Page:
Nintendo Switch Sports review: a simple, formulaic nostalgia-fest – and one of the most fun games of the year


Let’s not mince words. Wii Sports is one of the best and most important games of all time. Sure, over time it became a poster-child for ‘waggle’, a breed of motion control where it often feels like your movements don’t really matter as long as you’re giving the controller a shake – but for a few years there, back in the mid-2000s, this was the little game that could.

Moreover, it ruled. There was a reason people were over-excitedly flinging their controllers through their expensive new 720p flat-screen TVs with such frequency that Nintendo had to invent dumb little flak jackets for the Wii Remote – it was engaging. People were getting so into it that they’d move their body way more than they needed to, and then a slight loosening of grip, and… whoops!

A fatigue quickly built up, though. There was a real cavalcade of rubbish that aimed to scoop that massive Wii Sports audience; so we got guff like Wii Play and Wii Party, 2K’s Carnival games, and loads else besides. Then the actual follow-up, Wii Sports Resort, pulled a classic Nintendo move and required a stupid, expensive accessory to play. That killed that game for me; Wii Sports was best multiplayer, and there was no way I was buying four of those things. A detour on the Wii U is forgotten, as the Wii U itself is.

But time has passed. These missteps feel far in the rear-view mirror, and I now feel a great deal of nostalgia for Wii Sports. I recognize how good it was. I’ve been hungering for another for a while. It feels like exactly the right amount of time has passed for a sequel. And so here we are – with Nintendo Switch Sports.


That nostalgia also means that the pressure is on, naturally. The Switch is a very different sort of system to the Wii, but it has what it takes. The Joy-Cons are just as good at the motion control thing as the Wii Remote was – it’s just easy to forget, given you spend most of the time using them as more traditional controllers. That’s important, as control was always the most important thing about what made Wii Sports feel good, and fun. That’s the headline here: it works. I love it.

It’s brilliant. It’s not revelatory, but it’ll probably be one of my favorite games of the year regardless.

In some ways, Switch Sports feels as though it might’ve been designed by robots. There’s an almost algorithmic quality to its choice of sports, for instance – a little old, a little new, and a little modified; a carefully-selected spread of sports to appeal to Wii veterans and those for whom the Switch is their first console alike. It feels very safe – which some might criticize – but I feel like it’s exactly what this sequel needed to be. It stays in its lane.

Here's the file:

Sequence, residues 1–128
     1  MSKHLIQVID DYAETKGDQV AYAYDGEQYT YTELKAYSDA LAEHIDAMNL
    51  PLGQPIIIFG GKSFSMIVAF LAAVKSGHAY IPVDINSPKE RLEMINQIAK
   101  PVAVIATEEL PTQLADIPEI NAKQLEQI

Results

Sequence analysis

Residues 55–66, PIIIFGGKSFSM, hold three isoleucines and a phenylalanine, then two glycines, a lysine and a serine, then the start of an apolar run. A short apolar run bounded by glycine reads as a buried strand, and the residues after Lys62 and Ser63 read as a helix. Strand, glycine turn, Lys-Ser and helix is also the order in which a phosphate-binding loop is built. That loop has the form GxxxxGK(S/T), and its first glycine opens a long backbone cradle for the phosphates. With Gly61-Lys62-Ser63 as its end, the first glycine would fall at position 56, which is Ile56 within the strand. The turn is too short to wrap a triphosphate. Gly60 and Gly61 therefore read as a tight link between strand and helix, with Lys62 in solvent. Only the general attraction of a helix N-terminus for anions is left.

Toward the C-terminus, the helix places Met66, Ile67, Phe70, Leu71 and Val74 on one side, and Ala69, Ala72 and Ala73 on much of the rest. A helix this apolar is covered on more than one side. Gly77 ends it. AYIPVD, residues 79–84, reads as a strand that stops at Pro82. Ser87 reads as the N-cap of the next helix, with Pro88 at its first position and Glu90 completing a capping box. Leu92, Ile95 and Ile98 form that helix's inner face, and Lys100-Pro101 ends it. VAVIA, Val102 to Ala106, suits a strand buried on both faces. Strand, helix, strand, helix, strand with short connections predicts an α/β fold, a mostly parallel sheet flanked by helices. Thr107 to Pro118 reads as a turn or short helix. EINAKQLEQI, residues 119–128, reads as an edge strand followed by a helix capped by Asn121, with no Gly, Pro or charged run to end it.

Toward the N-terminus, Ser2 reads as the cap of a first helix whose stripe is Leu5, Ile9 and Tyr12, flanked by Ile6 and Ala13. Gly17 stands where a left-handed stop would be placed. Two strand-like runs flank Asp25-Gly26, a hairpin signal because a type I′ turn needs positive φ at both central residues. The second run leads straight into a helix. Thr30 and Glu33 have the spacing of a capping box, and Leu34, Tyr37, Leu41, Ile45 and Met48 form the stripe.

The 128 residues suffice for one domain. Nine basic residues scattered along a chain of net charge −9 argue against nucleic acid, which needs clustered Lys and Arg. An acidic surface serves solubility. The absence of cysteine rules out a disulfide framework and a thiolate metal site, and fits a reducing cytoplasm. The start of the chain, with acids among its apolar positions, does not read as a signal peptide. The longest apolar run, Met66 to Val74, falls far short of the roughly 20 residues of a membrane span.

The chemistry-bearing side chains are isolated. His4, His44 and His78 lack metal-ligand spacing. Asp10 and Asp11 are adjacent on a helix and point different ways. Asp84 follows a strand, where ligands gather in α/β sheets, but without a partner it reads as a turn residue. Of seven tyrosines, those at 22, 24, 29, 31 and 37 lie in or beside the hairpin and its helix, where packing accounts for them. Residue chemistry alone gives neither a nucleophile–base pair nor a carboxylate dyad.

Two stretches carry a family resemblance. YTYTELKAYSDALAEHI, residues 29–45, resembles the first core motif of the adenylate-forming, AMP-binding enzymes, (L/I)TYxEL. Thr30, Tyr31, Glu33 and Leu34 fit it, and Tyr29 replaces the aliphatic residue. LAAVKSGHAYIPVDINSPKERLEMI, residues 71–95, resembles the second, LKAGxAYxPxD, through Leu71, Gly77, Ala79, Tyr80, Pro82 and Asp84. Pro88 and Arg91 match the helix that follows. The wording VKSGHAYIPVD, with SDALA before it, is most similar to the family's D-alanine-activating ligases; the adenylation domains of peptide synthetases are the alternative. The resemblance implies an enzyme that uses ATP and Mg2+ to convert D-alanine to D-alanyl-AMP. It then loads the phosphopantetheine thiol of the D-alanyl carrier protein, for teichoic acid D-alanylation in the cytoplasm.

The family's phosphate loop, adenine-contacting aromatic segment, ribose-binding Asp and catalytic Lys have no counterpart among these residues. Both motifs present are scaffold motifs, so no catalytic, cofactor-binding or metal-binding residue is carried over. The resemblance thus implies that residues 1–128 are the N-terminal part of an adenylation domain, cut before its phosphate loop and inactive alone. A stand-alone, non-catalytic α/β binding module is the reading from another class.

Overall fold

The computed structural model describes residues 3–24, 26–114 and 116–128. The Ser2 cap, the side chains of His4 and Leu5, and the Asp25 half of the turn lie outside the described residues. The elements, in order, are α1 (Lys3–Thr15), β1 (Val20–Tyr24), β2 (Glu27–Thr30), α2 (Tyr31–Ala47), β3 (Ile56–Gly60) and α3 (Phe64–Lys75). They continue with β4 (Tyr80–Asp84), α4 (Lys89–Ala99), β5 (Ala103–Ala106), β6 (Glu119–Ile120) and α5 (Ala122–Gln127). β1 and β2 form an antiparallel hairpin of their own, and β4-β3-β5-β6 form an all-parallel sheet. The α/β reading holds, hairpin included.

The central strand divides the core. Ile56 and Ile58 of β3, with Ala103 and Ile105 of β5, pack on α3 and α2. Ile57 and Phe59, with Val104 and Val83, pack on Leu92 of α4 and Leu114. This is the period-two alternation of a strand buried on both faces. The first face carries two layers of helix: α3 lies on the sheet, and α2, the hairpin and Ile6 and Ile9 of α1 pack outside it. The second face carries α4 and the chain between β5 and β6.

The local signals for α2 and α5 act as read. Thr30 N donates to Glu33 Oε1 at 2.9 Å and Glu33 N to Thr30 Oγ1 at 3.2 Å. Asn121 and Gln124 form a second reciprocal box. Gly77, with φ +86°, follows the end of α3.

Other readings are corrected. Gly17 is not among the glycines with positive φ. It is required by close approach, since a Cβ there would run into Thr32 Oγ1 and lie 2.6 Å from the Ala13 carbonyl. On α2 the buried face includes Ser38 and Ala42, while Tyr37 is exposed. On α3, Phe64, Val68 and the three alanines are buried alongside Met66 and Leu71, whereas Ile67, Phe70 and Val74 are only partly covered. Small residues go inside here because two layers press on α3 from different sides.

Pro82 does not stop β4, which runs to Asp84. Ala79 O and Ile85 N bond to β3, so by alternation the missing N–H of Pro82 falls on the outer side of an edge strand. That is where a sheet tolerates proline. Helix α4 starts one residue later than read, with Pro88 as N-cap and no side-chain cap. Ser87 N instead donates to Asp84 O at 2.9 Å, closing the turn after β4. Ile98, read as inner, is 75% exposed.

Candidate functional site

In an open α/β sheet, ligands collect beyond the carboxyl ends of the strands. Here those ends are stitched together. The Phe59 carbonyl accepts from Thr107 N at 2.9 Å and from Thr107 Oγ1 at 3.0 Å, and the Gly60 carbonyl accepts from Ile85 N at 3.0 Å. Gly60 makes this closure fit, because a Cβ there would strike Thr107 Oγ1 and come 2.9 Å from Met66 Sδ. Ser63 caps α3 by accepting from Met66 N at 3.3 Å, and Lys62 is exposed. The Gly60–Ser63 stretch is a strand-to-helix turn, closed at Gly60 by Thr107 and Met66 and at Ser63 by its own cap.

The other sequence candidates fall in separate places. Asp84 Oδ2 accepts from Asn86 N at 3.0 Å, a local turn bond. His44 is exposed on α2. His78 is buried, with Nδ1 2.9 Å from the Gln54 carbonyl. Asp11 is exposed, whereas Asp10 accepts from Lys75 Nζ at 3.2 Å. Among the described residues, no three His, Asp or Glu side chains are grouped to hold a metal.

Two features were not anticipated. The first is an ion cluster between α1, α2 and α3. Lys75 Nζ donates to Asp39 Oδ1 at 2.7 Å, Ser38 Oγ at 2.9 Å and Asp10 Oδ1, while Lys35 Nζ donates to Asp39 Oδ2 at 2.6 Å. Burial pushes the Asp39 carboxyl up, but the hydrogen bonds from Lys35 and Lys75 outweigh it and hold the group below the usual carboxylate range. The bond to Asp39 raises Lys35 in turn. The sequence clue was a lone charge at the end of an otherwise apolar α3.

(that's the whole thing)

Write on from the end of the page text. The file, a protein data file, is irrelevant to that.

Two sports return from the original Wii Sports (tennis and bowling), one returns from Wii Sports Resort (sword fighting, presented here as Chambara, which is a Japanese word usually used to describe samurai movies), and three all-new sports. While more sports will be added via DLC, I’d say the core launch package has everything you’d want, really.

The content works, primarily because the control method is still as satisfying now as it was then. The Joy-Cons are as good as the Wii Remote was, though for the sports with more fine motor control like sword fighting it does feel like they need calibrating a little more often than a ‘MotionPlus’ remote. That’s a mild pain, but calibration can happen even mid-match without pausing, so it’s quite easy to forgive. What’s most important is that the illusion of these games is intact.

Games are always smoke-and-mirrors, but execution of the illusion is what made Wii Sports truly great, and what set it apart from many of its later imitators. Basically, even though the motions you’re doing are only basic approximations of the real thing, they feel legitimate and natural. Some sports have more finesse than others – bowling for instance, where spin is surprisingly realistically applied (and I’d know, as a former league bowler) – but ultimately, it always feels right, which makes playing exciting and believable for kids and adults alike.